After reading a lot and trying to understand people explain it, I made an image in my mind that "fundamental particles are a given position in space to which is given properties", these properties ...
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How does inertia work at the particle level?

I've read recently that the mass of a proton is mostly not given by the Higgs mechanism. But rather it's given by the energy of quarks moving around inside the proton and gluons and other internal ...
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Is this reaction even allowed? [closed]

$$p+p\rightarrow p+n+\pi^+$$ According to coservation laws, is this Allowed or Forbidden? If Allowed what type of interaction is this :- Strong, EM. or Weak? Why? From conservation of Charge &...
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How time dilated is the average particle relative to the big bang? [duplicate]

Particles created during the being bang have experienced time dilation by means of gravitation and general acceleration for the past 13.8 billion years. On average, how time dilated is the average ...
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Why exactly is Neutronium-4 unstable and how to explain Marqués' experimental results?

Wikipedia states: A tetraneutron is a hypothetical stable cluster of four neutrons. The existence of this cluster of particles is not supported by current models of nuclear forces. There is some ...
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Relation between momentum and momentum uncertainty

I have read the following sentence in a section which is explaining why particle accelerators need such high energy: As we require high precision position measurement, the Heisenberg uncertainty ...
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Dark matter relative velocity

In Dark Matter Indirect Detection literature, it is usually said that the relative velocity of dark matter particles in the galactic halo is about $$ v \sim 10^{-3}c$$ See for an example this lecture ...
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Lamb Shift and virtual particles [closed]

Can someone explain about the Lamb Shift?
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Higgs decay at higher energies

If I look at the expected Higgs decay BR's vs. $m_H$ the WW and ZZ dominate over the tt decay mode in the over tt threshold region. From the mere couplings: $g_{ffH} = \sqrt2 m_f /v$ $g_{VVH} = 2 ...
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How can I understand the reaction rate of WIMP dark matter intuitively?

I'm reading a cosmology textbook(sorry it's Japanese) and stacked at statement that If the mass of WIMP is enough smaller than 100GeV, the reaction rate is represented as $\langle \sigma_a |\mathbf{\...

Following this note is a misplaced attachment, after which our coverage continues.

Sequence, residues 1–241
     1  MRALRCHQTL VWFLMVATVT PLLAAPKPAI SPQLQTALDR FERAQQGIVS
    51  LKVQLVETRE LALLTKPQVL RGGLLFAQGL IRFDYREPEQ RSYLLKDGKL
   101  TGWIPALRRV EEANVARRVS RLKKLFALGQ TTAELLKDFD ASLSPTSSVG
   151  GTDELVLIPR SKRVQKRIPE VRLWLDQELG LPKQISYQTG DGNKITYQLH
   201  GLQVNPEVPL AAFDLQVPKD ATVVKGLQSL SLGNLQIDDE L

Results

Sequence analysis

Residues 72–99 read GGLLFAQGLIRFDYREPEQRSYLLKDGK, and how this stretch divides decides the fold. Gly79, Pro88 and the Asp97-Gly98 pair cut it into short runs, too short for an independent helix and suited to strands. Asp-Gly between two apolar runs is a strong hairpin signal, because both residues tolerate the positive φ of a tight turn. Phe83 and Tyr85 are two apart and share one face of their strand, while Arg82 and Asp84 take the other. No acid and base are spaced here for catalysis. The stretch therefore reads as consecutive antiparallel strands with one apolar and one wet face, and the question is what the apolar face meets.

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How can individual neutrinos have different amounts of energy?

Photons have no mass, travel at the speed of light, and their energy is related to their frequency. Neutrinos have a very small mass, travel at almost the speed of light; what is their energy related ...
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Quantum entanglement with different particles

I ve been searching for some techniques that are used to create quantum entangled pairs. I can see that almost all of them are related with photons and rarely electrons. Are there other methods that ...
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The Lorentz-invariant particle spectrum

Before the question, I need to mention some necessary definitions. The rapidity is defined as: $$y=\frac{1}{2}\ln\frac{E+p_z}{E-p_z}=\frac{1}{2}\ln\frac{1+v_z}{1-v_z}=\tanh^{-1}(v_z)$$ where $v_z=...
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What particle interaction is most important for maintaining the equilibrium of a main sequence star?

For main sequence stars like the sun, balance against gravitational collapse is achieved with the pressure of the underlying plasma. My question is how much of this pressure is accounted for by ...
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A question about isospin of pion and kaon

In Ch.18 of the textbook An Introduction to Quantum Field Theory by Peskin and Schroeder, on P.611 when discussing QCD renormalization of the weak interaction, two operators ${\cal O}^{1/2}$ and ${\...
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Is the photon pair generated from the electron-positron annihilation entangled?

Is the photon pair generated from the electron-positron annihilation entangled? And would they work as a source of entangled photons suitable for experiments in quantum optics?
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How far can a moving object embed itself

Let's say we have an electron moving at 10% the speed of light toward a 10 cm thick block of pure carbon. How do we calculate the distance that the electron travels into the carbon? Even though there ...
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Collision of a photon with a quasi-free particle

What is a quasi-free proton? How does the wavelength of a photon change when it collides with a quasi-free particle, e.g. a quasi-free proton?